Henry Oldenburg ca.1619-1677

From Book Owners Online

Henry OLDENBURG c.1619-1677

Biographical Note

Born in Bremen, Germany, son of Heinrich Oldenburg, a teacher. Master of Theology from the Bremen Gymnasium, 1639. He spent the following decade or so travelling on the continent, often as tutor to the sons of English youths taking the grand tour. His appointment by Bremen as an envoy to England in 1653 strengthened his growing links with the English political and intellectual establishment. He became friendly with many scientists and natural philosophers, particularly Robert Boyle. Between 1656 and 1660 he travelled again on the continent as tutor to Richard Jones, the son of Viscount Ranelagh. He was a founder member of the Royal Society in 1660, and made one of its secretaries in 1662. His subsequent administrative energy directed at organising and recording meetings, and sustaining an extensive correspondence, was a key element in the Society’s early success and international recognition.

He founded the Philosophical transactions in 1665 as a journal bringing together news of Society activities, book reviews and other scientific intelligence, and ran it very successfully (though not to great financial profit) for the rest of his life. Money was always a problem, and he often had to rely on the patronage of Boyle and others; the Society voted him an annual salary from 1669. His effectiveness as a hub of communication among European scientists, and his skills in encouraging talent and scientific publication, were much respected by his contemporaries and have continued to be recognised.


The importance of print as a key medium of scientific communication was a central theme of Oldenburg’s activities. His continental travels enabled him to explore many libraries, and his extensive correspondence contains many references to books being published, bought, sought or sent between a wide range of contacts across Europe. He helped to translate and publish various works, and was briefly in 1676 a licensor of history books.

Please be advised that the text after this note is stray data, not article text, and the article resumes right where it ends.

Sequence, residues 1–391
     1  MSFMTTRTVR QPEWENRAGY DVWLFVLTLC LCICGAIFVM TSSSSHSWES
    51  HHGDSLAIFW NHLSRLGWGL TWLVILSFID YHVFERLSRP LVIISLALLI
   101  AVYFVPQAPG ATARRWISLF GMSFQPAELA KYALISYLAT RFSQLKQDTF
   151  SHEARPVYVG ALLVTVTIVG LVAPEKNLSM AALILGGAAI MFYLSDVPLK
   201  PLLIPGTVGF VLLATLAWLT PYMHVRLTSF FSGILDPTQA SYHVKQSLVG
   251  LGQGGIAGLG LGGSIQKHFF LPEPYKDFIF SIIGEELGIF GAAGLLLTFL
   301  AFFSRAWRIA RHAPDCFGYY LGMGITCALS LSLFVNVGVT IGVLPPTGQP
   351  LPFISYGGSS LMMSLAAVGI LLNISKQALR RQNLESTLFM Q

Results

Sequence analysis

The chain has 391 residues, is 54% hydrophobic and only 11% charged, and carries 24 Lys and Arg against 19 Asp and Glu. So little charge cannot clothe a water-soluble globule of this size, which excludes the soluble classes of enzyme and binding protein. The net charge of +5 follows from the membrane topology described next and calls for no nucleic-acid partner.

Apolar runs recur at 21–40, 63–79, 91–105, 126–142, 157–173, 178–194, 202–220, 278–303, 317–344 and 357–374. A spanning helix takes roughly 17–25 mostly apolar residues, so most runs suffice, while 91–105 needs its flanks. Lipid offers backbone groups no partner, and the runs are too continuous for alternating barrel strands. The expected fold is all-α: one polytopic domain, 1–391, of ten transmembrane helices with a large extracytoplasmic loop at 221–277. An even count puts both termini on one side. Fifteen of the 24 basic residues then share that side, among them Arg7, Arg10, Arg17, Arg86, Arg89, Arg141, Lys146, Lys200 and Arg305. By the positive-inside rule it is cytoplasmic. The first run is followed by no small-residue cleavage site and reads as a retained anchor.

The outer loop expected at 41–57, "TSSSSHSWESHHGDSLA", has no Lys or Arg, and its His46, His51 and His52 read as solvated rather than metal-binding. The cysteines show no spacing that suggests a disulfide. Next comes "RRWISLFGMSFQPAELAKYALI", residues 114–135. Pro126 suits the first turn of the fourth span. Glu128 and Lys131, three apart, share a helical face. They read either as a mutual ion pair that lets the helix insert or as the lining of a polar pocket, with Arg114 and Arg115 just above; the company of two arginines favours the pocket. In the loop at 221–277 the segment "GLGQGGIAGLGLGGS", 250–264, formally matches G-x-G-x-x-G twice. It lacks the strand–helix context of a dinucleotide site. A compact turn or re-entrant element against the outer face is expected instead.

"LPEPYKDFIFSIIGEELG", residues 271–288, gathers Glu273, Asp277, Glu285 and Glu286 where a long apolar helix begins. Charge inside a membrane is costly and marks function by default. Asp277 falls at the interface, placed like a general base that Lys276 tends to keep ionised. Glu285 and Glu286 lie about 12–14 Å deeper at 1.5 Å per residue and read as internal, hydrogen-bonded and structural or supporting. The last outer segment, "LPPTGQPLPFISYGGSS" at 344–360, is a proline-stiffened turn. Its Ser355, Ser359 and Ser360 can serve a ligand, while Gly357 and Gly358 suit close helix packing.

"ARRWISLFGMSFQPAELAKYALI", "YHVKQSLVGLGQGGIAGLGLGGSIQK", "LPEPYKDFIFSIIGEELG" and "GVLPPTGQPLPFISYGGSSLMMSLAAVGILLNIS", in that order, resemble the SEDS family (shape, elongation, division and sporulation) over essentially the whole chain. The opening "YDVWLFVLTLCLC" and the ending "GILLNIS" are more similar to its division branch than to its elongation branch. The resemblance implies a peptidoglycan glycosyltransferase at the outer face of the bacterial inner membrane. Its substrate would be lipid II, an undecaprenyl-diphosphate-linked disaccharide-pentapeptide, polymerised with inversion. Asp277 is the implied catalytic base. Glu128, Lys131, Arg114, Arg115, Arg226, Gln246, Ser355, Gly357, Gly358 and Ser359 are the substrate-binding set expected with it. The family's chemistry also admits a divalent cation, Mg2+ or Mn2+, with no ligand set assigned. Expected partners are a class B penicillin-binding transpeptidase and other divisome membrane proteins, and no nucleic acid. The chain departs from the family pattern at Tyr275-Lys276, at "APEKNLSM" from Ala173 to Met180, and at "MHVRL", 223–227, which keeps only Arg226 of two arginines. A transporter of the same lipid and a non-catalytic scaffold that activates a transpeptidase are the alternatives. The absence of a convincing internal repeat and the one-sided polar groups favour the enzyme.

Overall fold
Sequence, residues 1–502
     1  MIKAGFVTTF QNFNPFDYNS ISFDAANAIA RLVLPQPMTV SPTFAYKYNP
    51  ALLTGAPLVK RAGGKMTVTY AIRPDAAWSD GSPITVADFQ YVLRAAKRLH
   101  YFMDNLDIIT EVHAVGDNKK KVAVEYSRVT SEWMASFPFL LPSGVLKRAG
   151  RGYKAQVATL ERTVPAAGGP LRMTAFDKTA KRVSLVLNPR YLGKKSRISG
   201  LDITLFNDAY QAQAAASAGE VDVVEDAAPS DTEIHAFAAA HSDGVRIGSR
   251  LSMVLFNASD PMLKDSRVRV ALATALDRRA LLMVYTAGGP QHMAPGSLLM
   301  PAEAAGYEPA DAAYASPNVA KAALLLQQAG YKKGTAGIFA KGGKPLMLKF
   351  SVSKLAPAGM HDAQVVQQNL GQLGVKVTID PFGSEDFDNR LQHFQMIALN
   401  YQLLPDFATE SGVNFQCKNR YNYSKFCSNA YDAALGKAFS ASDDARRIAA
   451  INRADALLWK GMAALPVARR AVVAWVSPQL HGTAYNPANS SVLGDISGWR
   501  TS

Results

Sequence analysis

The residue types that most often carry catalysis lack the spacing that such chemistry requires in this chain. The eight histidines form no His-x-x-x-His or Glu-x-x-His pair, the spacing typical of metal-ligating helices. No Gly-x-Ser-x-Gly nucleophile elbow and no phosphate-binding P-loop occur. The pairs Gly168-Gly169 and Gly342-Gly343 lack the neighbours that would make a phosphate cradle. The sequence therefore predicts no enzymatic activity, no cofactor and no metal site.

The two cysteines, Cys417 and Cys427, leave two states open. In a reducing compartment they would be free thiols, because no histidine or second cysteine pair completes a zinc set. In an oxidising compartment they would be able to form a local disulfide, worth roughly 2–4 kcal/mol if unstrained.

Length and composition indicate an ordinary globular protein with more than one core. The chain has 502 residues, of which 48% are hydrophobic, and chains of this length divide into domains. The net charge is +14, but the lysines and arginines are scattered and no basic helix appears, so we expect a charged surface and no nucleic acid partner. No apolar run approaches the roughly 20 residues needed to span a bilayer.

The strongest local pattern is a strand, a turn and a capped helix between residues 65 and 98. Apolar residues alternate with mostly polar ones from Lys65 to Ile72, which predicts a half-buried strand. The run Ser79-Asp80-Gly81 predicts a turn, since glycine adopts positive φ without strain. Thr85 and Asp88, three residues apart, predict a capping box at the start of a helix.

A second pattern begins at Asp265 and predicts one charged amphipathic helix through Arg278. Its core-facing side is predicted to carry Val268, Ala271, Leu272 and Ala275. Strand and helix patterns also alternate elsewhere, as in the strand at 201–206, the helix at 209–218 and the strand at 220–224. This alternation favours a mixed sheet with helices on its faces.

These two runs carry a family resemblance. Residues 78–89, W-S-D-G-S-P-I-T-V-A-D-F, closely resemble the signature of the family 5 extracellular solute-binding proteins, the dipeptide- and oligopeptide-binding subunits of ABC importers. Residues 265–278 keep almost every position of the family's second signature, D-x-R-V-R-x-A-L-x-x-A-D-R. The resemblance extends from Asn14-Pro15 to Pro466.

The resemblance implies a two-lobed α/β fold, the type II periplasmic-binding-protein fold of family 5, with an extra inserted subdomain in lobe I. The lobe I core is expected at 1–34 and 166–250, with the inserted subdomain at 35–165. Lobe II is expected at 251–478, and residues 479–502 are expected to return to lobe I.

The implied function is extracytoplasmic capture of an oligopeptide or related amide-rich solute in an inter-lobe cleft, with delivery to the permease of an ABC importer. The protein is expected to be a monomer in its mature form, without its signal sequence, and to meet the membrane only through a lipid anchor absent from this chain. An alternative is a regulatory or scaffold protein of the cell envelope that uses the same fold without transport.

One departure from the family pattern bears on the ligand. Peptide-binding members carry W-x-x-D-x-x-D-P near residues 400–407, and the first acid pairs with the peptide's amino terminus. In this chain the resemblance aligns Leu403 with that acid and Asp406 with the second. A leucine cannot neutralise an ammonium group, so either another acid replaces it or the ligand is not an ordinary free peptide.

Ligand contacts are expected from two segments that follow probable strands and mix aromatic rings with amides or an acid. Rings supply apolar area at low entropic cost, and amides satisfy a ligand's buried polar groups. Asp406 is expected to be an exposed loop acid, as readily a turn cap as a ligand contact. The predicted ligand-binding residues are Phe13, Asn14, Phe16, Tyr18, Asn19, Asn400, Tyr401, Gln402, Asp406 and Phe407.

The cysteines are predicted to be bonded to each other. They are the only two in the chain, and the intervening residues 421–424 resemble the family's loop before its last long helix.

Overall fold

A “catalogue of my books” by Oldenburg, dated 3 October 1670, survives in BL Add MS 4255 (a collection of letters and papers made by Thomas Birch), fos. 228-235. It lists ca.250 titles, rather loosely categorised between theology, politics, philosophy, history and “humanistae”. A further 54 titles were added to the list, after his death, by his friend John Pell. The list includes books in several languages, including French and a scattering of other European languages as well as Latin and English. Next to the “Catalogue” are two further manuscript leaves headed “Catalogue of my best books and what they cost me”, below which are several lines of text, crossed out, indicating that these books were donated to the beneficiary Royal Society by Oldenburg, although this gift did not in fact take place as the Society’s building plans at that time fell through. This second list includes 70 titles, valued at £28 16s; the contents are largely scientific, medical or philosophical. A further brief, selective list of some of Oldenburg’s books made after his death by John Collins also survives as Royal Society ms Domestic V/43. This was made because there was some dispute, after Oldenburg’s death, about the return of some books and papers belonging to the Royal Society. Many, but not all, of Oldenburg’s books were then sold to Arthur Annesley, Earl of Anglesey, and can be identified in his 1686 sale catalogue.

Malcolm’s article on Oldenburg’s library, which includes transcriptions of the three lists, also includes a “consolidated catalogue” of all the books which are known to have been owned by Oldenburg, running to 331 items. This presents a rather small collection for someone of Oldenburg’s interests, but would accord with the accounts of financial exigencies. Examples: BL 524.c.30, 537.f.5; NLS RB.m.218; Sotheby’s 10.6.2004/483.

Characteristic Markings

Oldenburg sometimes, but not always, inscribed his books “H. Oldenburg” or “Henry Oldenburg” in the lower right hand corner of the titlepage, often with the price paid. He does not appear to have annotated his books.